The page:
It can feel difficult and isolating to cope with “painxiety” during flare-ups. Over the years, I’ve found a few ways to ease these feelings of worry.
Some people who live with psoriatic arthritis (PsA) consider it a dynamic disability, which means that our symptoms fluctuate in severity. I’ve been living with PsA for a while now, and I’ve learned what my “baseline” with PsA feels like.
While my baseline isn’t exactly comfortable, I know what to expect from my body, including day-to-day pains, aches, stiffness, and fatigue. I also recognize signs that require increasing my medications, adjusting my treatment regimen, or resting more than usual.
But sometimes, when a flare-up starts, my “painxiety” can set in. “Painxiety” is how I describe that familiar fear-driven feeling that arises with flare-up symptoms, like joint pain, swelling, fever, fatigue and stiffness.
Flares make it difficult for me to work, socialize, and complete daily tasks, like cooking and caring for myself.
My flare-up anxiety is caused by a sense of lost independence when I have to ask others for help. It’s also driven by uncertainty and lack of control over when a flare will end and my “baseline” return.
It can feel difficult and isolating to cope with “painxiety” of flare-ups. Based on my experience living with PsA, I’ve discovered a few ways to ease these feelings of worry.
One of my first lines of defense against “painxiety” is reaching out to a friend or support group. For me, talking to a friend who has experienced flare-ups firsthand is a great way to counteract negative thoughts and dismantle flare-up worry.
When I talk with fellow PsA warriors about symptoms, it feels less like a complaint and more like a connection.
Through smartphones and the internet, we can instantly chat with people all over the world. The Bezzy PsA community is a wonderful resource for virtual support from other people living with PsA. It feels like a safe space to express feelings and thoughts about life with chronic pain with fellow warriors.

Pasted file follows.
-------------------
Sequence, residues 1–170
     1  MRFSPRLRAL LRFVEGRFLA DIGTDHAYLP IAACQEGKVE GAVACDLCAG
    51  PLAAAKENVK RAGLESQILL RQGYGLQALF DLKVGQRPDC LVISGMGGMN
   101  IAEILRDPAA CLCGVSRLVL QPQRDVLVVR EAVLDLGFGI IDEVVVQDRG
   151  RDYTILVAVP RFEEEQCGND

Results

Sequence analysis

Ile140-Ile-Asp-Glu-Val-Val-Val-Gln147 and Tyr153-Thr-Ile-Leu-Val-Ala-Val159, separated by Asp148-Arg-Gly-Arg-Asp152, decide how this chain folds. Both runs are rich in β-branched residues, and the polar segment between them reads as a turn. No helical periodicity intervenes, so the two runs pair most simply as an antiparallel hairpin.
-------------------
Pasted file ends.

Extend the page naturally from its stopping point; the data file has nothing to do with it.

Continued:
Many fellow spoonies also use social media to connect, and I’ve forged amazing friendships through my Instagram account.
Although moving might sound like the last thing you want to do during a flare, it’s become a crucial part of care.
Physical movement helps me alleviate stiffness, move my joints, and clear my mind. Finding comfortable ways to move helps me feel more in control of my body, which in turn helps my “painxiety.”
In 2020, I discovered the power of walking. Fresh air and gentle movement enabled me to shift energy for an effective mental reset after an especially debilitating flare. The key word here is gentle! There’s a delicate balance between movement and rest while experiencing a flare-up, and it’s unique to each flare.
Sometimes, a walk is simply not in the cards. Stretching is another gentle way I support my body and mind. I often turn to chair yoga when I’m unable to get on the floor.
I’ve always turned to music for support and comfort, and the right song can motivate me to move almost instantly. Just a few minutes of turning up the volume and dancing it out gets my endorphins flowing and puts me in a much happier headspace.
Music distracts me from overwhelming thoughts about pain, and it even helps me process difficult emotions. It feels easier to express sadness, worry, or frustration when listening to music, and releasing pent-up emotions feels cathartic.
Singing along to emotion-laden lyrics about heartbreak, despair, and strength helps me unpack my own feelings. And a good cry session can be very helpful when experiencing complex emotions while living with PsA.
Meditation and breath work have taught me to process my thoughts with less judgment, fear, and guilt. I am no meditation expert, but I complete 5- to 10-minute guided meditations a few times a week. Even small bits of meditation help me avoid overthinking, stay grounded in the present, and feel connected to my body.
In my meditation ritual, I light a candle, lay out blankets and cushions for joint support, and jot down post-meditation thoughts in a journal.
Guided meditations often include centering thoughts or affirmations, and I make note of them. Repeating affirmations has been an amazing way to change my inner monologue, especially when feelings of “painxiety” arise. One of my favorite flare-up affirmations is “I focus on what I can control.” You can find more of my go-to affirmations for flare-ups here and here.
Mindfulness has taught me the power of acceptance. Flare-ups are part of my life with PsA, and I’ve accepted that feelings of worry will arise.
By choosing to release negative thoughts, I take away the power “painxiety” holds over me. Whether I’m talking with a friend, moving my body, or meditating, the most important thing is that I’m releasing instead of keeping it bottled up inside.
Medically reviewed on May 02, 2022
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